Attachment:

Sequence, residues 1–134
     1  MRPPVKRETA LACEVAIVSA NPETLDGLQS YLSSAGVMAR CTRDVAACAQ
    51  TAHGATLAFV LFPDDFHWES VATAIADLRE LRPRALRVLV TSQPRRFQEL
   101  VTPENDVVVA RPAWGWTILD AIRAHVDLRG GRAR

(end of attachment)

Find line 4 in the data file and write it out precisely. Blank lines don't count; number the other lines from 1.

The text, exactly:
   101  VTPENDVVVA RPAWGWTILD AIRAHVDLRG GRAR